I’ve always wanted to dedicate an article to Half Life on the Playstation 2 (PS2). However, Half Life is one of those games I genuinely get a bit worried about when reviewing, since so much as mentioning anything negative about this series will cause the entire Valve fan base to storm on you with torches and pitchforks. No where is safe, you are screwed. But since so few people have even played Half Life on the PS2 hopefully, its safe to come out of my Half Life hermit cave and talk about it.
Now here is where I make my first shocking statement: Half Life on PS2 is the first time I ever played Half Life. One redeeming factor maybe that it did lead me to playing the game on the PC later when I was able to. Anyway, I was in day one for Half Life on console. I’d been anticipating the game since the hyped up Dreamcast port which never official surfaced outside of the homebrew scene (despite being advertised in leaflets that game with games at the time). It seems like a lot of the assets used to make the game on the Dreamcast surfaced on the PS2. Whether your a massive fan of the Dreamcast or not, its hard not to argue this game was much more suited to the PS2 due its its dual analogue sticks. This was the time where First Person Shooters (FPS) were finally getting easier to control on consoles, with thanks to Halo, gamers where just no longer stomaching the single analogue nub system famous on the N64 and Dreamcast.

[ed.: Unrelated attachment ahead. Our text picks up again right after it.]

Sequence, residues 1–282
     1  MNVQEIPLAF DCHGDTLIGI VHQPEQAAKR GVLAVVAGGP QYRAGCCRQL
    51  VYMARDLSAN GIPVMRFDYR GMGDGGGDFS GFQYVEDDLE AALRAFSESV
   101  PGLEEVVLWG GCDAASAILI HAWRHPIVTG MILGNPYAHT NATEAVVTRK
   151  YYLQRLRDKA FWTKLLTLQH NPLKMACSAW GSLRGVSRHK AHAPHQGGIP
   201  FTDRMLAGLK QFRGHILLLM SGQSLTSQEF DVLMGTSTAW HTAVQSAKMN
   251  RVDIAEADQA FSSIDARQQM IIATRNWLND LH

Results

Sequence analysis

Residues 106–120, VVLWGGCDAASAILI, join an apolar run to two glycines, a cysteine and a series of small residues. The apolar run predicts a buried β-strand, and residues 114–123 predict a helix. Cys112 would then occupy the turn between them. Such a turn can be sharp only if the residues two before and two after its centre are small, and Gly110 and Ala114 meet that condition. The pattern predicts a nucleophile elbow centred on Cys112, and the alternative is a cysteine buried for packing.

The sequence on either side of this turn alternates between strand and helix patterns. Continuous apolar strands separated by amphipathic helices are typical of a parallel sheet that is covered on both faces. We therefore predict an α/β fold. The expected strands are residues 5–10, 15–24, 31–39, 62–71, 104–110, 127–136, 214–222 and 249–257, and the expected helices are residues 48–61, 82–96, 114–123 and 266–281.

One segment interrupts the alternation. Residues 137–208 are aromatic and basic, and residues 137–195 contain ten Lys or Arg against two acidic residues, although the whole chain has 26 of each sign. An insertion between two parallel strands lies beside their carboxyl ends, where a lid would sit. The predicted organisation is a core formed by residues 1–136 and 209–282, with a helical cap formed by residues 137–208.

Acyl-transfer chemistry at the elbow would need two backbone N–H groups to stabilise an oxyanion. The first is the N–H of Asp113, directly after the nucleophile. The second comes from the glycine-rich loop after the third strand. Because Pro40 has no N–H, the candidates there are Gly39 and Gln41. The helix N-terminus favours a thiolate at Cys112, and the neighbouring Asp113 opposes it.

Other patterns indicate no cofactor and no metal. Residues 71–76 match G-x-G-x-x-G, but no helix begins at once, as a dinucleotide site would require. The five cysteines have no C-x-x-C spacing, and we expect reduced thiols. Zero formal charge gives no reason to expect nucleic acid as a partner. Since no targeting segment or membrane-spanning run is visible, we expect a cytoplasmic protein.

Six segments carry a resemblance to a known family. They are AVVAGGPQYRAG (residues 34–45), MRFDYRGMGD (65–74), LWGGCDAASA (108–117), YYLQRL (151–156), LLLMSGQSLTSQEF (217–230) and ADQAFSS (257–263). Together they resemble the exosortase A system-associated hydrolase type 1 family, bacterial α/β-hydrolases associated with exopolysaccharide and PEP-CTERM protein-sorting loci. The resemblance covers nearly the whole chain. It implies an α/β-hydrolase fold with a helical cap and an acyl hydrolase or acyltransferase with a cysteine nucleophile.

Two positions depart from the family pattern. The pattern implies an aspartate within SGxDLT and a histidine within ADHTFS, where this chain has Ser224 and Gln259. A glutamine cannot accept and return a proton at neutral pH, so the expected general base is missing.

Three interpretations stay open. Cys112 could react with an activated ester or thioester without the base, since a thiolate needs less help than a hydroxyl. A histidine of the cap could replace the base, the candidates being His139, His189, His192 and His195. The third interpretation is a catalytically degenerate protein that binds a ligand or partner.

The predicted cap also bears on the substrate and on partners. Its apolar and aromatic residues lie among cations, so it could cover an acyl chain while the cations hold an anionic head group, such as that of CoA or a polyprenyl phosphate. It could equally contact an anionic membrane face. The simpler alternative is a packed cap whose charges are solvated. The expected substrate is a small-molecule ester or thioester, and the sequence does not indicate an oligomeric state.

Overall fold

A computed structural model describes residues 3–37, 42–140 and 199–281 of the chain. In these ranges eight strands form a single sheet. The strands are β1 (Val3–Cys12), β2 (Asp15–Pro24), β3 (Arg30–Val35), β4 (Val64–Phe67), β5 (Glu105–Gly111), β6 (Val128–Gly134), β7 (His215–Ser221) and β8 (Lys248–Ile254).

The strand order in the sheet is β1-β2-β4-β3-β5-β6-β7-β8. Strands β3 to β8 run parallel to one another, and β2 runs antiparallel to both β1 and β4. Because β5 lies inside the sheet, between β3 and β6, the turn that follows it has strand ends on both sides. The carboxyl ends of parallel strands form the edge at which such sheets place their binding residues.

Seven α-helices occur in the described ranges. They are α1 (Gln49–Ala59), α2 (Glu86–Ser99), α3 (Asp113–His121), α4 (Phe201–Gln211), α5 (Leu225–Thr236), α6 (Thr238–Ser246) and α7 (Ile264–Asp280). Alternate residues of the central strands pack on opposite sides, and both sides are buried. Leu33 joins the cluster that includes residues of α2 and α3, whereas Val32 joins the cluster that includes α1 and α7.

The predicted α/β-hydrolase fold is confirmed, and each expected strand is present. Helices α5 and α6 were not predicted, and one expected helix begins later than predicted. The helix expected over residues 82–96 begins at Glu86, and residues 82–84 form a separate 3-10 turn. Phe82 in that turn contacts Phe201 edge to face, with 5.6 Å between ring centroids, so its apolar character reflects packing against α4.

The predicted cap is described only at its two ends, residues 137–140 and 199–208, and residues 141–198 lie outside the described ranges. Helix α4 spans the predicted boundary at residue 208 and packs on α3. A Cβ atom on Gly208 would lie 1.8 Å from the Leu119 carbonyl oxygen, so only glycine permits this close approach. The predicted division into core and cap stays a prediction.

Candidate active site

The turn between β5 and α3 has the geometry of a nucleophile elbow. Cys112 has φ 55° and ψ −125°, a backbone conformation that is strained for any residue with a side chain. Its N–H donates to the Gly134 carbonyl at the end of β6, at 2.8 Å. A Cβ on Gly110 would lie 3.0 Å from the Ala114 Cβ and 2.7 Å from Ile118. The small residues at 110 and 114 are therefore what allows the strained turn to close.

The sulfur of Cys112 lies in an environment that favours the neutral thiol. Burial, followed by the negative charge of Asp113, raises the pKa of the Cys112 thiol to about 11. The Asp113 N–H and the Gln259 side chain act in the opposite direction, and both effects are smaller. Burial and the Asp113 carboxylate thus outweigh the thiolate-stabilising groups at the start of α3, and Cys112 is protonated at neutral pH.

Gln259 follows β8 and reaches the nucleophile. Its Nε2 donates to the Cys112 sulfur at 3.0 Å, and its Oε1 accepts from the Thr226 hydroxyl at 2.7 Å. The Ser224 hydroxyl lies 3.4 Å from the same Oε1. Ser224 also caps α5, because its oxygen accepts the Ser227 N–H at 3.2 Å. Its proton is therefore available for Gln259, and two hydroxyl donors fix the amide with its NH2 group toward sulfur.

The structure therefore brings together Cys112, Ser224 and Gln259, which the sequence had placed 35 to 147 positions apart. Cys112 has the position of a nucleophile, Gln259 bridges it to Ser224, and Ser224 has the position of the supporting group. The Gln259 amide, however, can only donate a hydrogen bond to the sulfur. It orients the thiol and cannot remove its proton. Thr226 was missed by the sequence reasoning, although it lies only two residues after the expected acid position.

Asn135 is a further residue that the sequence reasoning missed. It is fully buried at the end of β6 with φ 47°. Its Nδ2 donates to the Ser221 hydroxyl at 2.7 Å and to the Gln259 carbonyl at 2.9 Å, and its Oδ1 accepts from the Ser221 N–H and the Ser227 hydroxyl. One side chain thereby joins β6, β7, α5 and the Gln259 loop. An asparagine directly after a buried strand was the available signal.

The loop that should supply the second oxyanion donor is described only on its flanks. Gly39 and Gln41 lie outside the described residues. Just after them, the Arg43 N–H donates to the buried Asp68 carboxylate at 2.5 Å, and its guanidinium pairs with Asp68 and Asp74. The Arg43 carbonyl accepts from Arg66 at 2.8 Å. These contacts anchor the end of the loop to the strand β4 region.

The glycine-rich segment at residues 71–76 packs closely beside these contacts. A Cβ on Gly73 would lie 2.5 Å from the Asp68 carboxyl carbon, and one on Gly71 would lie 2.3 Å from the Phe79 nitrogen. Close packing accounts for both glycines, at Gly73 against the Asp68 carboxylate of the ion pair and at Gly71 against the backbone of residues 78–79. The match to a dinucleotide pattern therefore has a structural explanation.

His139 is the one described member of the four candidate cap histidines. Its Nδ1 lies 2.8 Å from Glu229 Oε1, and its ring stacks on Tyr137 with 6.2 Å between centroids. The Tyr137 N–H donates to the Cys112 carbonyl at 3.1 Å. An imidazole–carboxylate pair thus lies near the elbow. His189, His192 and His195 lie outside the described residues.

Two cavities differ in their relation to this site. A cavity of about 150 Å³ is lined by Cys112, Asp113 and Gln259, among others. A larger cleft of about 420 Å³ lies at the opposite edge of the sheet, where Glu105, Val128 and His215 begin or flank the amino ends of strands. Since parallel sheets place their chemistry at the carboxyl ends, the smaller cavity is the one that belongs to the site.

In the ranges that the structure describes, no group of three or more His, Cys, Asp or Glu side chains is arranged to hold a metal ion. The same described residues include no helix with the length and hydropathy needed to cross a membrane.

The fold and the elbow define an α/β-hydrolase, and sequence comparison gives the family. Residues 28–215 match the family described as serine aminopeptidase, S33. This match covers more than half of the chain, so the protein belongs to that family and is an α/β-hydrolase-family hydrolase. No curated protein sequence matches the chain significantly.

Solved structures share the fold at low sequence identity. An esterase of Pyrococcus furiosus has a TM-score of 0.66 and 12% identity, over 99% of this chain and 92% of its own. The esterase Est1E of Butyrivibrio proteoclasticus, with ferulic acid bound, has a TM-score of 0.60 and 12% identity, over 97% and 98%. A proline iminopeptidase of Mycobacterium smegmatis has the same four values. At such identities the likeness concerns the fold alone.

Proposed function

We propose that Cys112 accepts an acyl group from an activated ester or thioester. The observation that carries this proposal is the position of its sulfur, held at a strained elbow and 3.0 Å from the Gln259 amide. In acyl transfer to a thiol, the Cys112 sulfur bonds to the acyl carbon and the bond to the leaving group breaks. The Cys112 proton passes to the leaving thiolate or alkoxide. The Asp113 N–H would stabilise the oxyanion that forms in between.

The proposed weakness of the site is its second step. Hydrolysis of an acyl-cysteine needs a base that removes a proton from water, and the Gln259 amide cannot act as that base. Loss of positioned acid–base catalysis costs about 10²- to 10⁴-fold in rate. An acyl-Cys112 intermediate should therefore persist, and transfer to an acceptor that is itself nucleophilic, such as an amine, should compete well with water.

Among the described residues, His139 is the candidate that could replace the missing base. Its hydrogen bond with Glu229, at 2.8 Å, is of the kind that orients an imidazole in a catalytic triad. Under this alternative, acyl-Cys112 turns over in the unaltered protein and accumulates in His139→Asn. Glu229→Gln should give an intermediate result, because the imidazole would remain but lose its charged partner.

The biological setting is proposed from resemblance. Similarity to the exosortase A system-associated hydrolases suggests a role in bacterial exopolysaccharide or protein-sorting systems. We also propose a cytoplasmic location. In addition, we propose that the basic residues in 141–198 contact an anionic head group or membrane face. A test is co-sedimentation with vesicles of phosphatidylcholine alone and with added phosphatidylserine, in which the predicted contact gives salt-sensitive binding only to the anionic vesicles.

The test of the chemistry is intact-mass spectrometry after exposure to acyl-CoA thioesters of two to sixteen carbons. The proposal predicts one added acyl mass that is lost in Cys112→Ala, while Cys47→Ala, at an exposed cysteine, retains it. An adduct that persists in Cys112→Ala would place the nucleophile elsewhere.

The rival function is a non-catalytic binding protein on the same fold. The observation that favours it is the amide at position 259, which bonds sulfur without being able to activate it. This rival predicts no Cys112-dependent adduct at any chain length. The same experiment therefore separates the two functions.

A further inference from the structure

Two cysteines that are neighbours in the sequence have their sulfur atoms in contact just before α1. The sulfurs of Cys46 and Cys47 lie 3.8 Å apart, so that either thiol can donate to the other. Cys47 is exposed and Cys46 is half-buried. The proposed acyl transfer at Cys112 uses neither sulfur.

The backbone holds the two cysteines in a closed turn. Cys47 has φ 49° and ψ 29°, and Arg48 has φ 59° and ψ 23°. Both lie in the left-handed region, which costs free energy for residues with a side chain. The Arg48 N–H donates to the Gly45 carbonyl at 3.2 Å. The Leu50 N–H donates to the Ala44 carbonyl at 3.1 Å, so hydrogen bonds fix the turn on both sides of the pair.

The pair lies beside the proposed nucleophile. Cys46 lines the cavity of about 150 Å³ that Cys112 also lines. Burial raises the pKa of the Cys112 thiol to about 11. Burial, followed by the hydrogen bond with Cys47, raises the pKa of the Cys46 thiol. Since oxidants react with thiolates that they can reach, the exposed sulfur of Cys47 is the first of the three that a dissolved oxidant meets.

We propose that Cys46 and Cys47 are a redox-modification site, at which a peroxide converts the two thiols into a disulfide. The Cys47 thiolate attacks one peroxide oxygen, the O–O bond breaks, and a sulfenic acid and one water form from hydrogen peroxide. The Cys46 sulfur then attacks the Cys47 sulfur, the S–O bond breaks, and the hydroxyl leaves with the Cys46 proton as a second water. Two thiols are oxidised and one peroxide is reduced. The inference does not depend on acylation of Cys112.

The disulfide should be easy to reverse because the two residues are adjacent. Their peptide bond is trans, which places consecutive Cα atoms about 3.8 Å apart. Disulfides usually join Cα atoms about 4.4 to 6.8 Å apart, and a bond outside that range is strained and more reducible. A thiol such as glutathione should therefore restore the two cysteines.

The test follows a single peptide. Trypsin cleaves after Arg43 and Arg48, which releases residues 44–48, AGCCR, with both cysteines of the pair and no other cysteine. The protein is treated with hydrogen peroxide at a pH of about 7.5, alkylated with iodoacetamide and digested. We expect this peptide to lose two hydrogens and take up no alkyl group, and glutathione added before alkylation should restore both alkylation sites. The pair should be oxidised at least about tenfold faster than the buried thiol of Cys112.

Half Life on PS2 is technically an HD remaster (but just up-scaled, not actual HD graphics). The graphics received a massive overhaul and for the time looked fantastic. Enemies and human character models looked much more polished and some of the guns such as the assault rifle were completely remodelled. The recharge points had little probes for example, the health station had a syringe that would come out and stick your character. Though its very much a cosmetic change it does look pretty cool. The entire campaign was playable and you were able to save anywhere just like the PC version, which was quite uncommon for console games. Everything in the PC version is present on the PS2 even the humorous gore.
I actually played Red Faction on PS2 before Half Life and it was clear to see that a lot of the inspiration for that game came from the Half Life design. I also remember a article in PS2 Official Magazine confirming this from the developers.
Now the developers decided to include an interesting idea to make the game a bit more simple on the console. That feature is the dreaded auto lock-on system. I absolutely hated this and still don’t care for its inclusion to this day. This was probably a feature that was originally designed for the Dreamcast and probably made sense with its controller restrictions. Basically, what you do is when an enemy is in the area a simple press of the button will literally force Gordan Freeman to lock onto the enemy with his gun cursor pointing in more or less the correct area. It felt very similar to the lock-on feature [this is known by many as “Z-targeting” – Ed.] in Legend of Zelda Orcarina of Time (you know, just without the fairy shouting at you). Now you would think this feature would make the game a lot easier, but for a lot of the enemies, especially the boss characters like the scrotum monster on Xen (you know the one I’m talking about) the feature doesn’t lock-on properly and causes practically no damage. Its inclusion feels pointless especially when the dual analogue controls seem to work absolutely fine. Of course many would argue the controls can’t possibly compete with mouse and keyboard, but for a console port this was a fine effort.